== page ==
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More hurdles await e-government

Federal agencies are making progress on goals for electronic government, but there are still a number of technology issues to overcome.

Federal agencies are making progress on the Bush administration's goals for electronic government, but they haven't yet cleared all the hurdles, according to the Office of Management and Budget.

Of 26 agencies reviewed, the National Science Foundation has done the best job, making "significant progress in fixing identified information security problems" and developing a plan for all of the administration's initiatives, according to the OMB review, an annual budget update sent to Congress.

The review analyzed agencies' progress on the president's management agenda, which includes a plan to expand electronic government. That initiative requires agencies to focus IT spending on "improving mission performance, reducing duplication, ensuring information security and cooperating across traditional agency" lines.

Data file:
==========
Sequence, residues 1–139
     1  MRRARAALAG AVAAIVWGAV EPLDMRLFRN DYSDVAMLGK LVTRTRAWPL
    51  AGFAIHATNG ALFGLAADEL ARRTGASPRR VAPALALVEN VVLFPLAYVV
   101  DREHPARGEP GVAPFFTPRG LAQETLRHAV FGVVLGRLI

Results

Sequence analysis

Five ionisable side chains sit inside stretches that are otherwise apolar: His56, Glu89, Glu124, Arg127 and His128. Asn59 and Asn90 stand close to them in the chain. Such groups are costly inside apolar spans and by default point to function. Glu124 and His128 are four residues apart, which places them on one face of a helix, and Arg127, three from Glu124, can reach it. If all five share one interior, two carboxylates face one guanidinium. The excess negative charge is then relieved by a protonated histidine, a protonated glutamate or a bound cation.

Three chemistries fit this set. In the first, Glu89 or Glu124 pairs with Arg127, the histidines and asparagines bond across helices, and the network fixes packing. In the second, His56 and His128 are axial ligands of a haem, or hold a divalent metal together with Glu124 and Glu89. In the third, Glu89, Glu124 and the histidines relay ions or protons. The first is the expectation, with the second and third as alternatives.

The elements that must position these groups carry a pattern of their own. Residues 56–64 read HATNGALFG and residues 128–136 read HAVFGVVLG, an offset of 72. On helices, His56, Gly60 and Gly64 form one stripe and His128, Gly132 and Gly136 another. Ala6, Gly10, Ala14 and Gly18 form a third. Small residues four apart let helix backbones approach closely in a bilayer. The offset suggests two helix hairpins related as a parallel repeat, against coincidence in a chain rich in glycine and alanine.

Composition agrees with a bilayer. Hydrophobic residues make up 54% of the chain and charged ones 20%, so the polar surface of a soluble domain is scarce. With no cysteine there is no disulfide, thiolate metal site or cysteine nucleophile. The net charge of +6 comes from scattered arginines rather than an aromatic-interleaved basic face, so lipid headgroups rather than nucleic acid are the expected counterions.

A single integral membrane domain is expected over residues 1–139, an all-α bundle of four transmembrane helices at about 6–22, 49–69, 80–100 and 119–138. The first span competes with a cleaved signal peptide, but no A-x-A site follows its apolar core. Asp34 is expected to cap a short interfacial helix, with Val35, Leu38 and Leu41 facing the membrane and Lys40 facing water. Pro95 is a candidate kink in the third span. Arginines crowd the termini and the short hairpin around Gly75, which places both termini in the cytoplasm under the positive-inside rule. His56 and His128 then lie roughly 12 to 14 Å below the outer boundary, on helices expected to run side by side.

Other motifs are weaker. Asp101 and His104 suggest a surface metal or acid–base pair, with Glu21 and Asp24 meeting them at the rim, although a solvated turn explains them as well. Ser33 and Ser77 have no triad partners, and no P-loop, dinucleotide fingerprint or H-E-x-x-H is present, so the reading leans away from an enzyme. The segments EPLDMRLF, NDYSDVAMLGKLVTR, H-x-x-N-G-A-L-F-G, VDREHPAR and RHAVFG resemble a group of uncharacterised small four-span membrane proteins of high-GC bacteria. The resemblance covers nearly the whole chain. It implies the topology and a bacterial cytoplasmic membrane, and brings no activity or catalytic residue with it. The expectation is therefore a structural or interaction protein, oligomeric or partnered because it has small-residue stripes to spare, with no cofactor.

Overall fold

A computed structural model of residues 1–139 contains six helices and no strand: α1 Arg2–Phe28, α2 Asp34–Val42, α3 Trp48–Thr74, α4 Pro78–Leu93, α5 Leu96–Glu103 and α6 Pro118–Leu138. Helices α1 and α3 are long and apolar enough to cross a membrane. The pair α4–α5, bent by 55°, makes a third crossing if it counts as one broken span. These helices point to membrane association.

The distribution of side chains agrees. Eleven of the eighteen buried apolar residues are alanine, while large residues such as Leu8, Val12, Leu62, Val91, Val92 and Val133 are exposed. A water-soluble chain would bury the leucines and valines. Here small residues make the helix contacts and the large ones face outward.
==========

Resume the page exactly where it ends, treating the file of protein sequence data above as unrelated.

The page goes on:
The OMB ranked agencies on both their current status and their progress toward meeting the agenda's goals. All the agencies got a "green" or "yellow" ranking on progress, indicating they were either on target for achieving their goals or had only minor problems.

But the report noted that agencies now face issues related to linking fragmented applications.

"To become fully successful in this initiative, more agencies must actively partner to simplify government processes and integrate IT investments around citizen needs," the report said.

The report also highlighted accomplishments such as the relaunch of the Firstgov portal and the debut of the GovBenefits site, which helps citizens determine their eligibility for government benefits.